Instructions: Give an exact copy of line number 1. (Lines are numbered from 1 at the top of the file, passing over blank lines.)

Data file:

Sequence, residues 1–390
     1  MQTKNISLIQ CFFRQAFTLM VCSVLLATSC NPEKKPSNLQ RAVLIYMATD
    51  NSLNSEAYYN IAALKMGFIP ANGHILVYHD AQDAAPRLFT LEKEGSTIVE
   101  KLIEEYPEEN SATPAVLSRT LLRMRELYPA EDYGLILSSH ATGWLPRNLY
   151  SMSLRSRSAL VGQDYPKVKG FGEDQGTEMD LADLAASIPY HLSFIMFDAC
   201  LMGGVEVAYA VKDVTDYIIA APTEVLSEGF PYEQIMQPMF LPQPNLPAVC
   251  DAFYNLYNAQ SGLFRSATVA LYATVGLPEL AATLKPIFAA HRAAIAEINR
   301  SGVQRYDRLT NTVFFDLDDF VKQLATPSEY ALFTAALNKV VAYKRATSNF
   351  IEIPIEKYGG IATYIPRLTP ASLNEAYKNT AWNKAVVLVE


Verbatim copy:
Sequence, residues 1–390